Difficulty Retrieving Glycogen
Other people can make glycogen effectively but are unable to retrieve it from storage in the liver. If the glycogen cannot be converted into glucose, it is useless as a form of energy. Think of it as the fuel line being blocked even though there is plenty of gas in the tank.
Sometimes supplementing with activated B6 can help with this problem.
Did You Know?
86 million adults are classified as prediabetic in America and 29 million have been diagnosed with diabetes.
Difficulty Absorbing Glucose
When the cells cannot absorb the glucose, the fuel can’t get to the cells. This is insulin resistance—and its latter-stage partner diabetes. High levels of sugar in the blood (because it is not being absorbed) is the beginning of diabetes. It’s as if the fuel tank is full of fuel, and the lines are flowing freely, but the fuel injectors are clogged and the pistons do not have the fuel to fire and power the engine.
Trace minerals of chromium, vanadium, or zinc may be helpful in opening the door for glucose to enter the cells.
How You Can Restore Blood-Sugar Control
You don’t have to live the rest of your life fatigued. By addressing one of these four causes, we can help you improve your digestion and overcome fatigue and blood-sugar problems, such as hypoglycemia. Our focus is multidimensional to include the digestive aspects as well as stimulating the neurological and hormonal systems to help restore your body’s blood-sugar balance.
If you suffer from the roller-coaster ride of being tired all the time, find out how we can help you. Call our office at the Digestion Relief Center—530-899-8741—to set up a consultation with Dr. Patrick. Learn more at www.DigestionReliefCenter.com.
Since 1999, Dr. Patrick Giammarise, DC, has helped North State residents by using a whole-body systems approach to health. He specializes in providing natural relief for food and environmental sensitivities, intolerances, and digestive problems. For more information, contact Dr. Patrick at, 530-899-8741 or visit www.DigestionReliefCenter.com.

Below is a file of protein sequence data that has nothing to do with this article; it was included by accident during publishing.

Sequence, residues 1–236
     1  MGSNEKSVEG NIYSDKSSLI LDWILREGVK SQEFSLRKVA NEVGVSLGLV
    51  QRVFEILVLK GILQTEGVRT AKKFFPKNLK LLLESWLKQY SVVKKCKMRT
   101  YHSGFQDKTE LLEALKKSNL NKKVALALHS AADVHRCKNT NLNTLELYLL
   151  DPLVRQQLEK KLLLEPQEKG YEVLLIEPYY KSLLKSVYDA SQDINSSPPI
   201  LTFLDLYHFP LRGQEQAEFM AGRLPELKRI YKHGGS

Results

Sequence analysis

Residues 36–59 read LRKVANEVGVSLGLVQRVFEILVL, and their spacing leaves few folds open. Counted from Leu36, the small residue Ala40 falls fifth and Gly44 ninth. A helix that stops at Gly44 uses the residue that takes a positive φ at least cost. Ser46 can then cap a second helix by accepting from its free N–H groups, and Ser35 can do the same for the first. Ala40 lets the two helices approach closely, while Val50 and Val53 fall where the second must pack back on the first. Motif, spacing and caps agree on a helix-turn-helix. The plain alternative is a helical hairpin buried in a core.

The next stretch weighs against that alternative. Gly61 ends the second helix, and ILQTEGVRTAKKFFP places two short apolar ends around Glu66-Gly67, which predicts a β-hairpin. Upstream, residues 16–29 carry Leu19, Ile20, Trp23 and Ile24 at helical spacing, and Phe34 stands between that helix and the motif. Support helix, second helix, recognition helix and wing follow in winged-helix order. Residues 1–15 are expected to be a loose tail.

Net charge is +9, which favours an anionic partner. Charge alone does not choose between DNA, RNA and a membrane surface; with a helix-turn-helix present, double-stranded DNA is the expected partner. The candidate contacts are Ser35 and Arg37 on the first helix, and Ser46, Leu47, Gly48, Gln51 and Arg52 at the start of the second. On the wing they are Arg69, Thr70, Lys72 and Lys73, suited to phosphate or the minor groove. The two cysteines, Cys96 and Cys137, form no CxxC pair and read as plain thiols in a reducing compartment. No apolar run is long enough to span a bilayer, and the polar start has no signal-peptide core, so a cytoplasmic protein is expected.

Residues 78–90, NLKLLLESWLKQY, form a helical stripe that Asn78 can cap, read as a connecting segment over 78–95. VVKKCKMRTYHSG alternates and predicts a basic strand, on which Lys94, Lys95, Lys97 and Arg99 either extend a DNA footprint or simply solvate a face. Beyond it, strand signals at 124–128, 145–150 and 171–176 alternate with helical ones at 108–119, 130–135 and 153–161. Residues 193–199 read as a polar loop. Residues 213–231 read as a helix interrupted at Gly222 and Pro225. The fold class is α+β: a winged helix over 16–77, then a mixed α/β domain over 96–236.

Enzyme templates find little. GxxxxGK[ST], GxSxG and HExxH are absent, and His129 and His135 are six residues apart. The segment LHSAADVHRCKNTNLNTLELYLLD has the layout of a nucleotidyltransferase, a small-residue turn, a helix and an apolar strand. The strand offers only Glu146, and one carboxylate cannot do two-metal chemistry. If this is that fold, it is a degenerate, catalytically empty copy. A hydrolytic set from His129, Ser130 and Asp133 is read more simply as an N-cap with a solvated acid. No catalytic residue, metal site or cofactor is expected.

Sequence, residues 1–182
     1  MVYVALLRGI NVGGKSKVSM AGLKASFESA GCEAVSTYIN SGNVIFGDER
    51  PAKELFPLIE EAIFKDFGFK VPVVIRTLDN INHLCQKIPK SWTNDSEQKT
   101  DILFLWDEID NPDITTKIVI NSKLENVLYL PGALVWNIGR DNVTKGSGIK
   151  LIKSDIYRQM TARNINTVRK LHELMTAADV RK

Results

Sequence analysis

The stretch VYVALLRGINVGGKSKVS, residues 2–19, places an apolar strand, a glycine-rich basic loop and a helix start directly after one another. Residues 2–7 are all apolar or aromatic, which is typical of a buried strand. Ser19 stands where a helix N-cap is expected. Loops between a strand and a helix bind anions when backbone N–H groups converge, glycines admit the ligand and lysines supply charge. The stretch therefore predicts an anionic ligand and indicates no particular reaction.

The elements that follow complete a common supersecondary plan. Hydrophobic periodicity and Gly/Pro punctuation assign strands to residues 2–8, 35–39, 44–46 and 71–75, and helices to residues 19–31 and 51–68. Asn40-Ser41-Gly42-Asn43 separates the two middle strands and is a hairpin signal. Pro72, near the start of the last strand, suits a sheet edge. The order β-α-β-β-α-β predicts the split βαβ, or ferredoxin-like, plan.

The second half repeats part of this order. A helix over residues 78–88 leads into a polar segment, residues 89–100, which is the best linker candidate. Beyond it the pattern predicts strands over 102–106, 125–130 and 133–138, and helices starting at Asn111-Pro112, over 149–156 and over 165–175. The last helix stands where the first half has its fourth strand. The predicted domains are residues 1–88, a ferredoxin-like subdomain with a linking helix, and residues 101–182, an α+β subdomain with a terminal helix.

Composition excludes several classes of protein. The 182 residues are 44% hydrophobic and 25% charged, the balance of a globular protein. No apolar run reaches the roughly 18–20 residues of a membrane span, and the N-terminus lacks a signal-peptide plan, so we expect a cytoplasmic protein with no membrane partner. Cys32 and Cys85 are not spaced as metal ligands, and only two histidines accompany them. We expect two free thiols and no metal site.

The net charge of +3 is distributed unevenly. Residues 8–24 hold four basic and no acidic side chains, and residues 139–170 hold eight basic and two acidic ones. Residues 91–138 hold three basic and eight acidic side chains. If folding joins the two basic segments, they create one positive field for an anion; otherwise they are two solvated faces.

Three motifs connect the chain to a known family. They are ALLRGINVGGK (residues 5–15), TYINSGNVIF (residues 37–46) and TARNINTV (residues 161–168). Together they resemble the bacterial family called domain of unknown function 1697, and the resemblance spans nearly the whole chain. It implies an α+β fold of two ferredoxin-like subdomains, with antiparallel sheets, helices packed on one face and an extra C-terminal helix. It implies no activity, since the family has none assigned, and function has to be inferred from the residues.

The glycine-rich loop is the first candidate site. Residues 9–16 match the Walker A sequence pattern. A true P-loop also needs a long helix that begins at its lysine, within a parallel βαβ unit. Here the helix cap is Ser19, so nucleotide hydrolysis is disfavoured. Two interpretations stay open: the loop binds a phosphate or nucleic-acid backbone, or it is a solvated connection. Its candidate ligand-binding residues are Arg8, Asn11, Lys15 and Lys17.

© 2017. Dr. Patrick Giammarise, DC, IHS. All Rights Reserved.
How the Body Maintains Blood Sugar
The black lines in the circle indicate the body’s pathways for maintaining normal blood sugar. The red lines indicate the backup pathways when blood sugar falls. Whenever the blood sugar dips, it becomes an emergency for the brain. This is because our brain cells do not make glucose and recruit the hormonal system to make up the difference.
© 2017. Dr. Patrick Giammarise, DC, IHS. All Rights Reserved.
Tired Because You Can’t Fall Back Asleep?
What happens when a hypoglycemic person wakes in the night and tries to go back to sleep?
One of two things: Either you do not have enough glycogen stored in the liver and muscles, or you cannot retrieve the glycogen. When this happens, low blood sugar becomes critical because the brain must have glucose to function. So the body resorts to emergency measures. In the absence of glucose, the adrenal glands shift to fight-or-flight mode to release adrenaline “to pump you up.” Unfortunately, under the influence of adrenaline, the body is now wide awake and you feel as if you are racing instead of sleeping.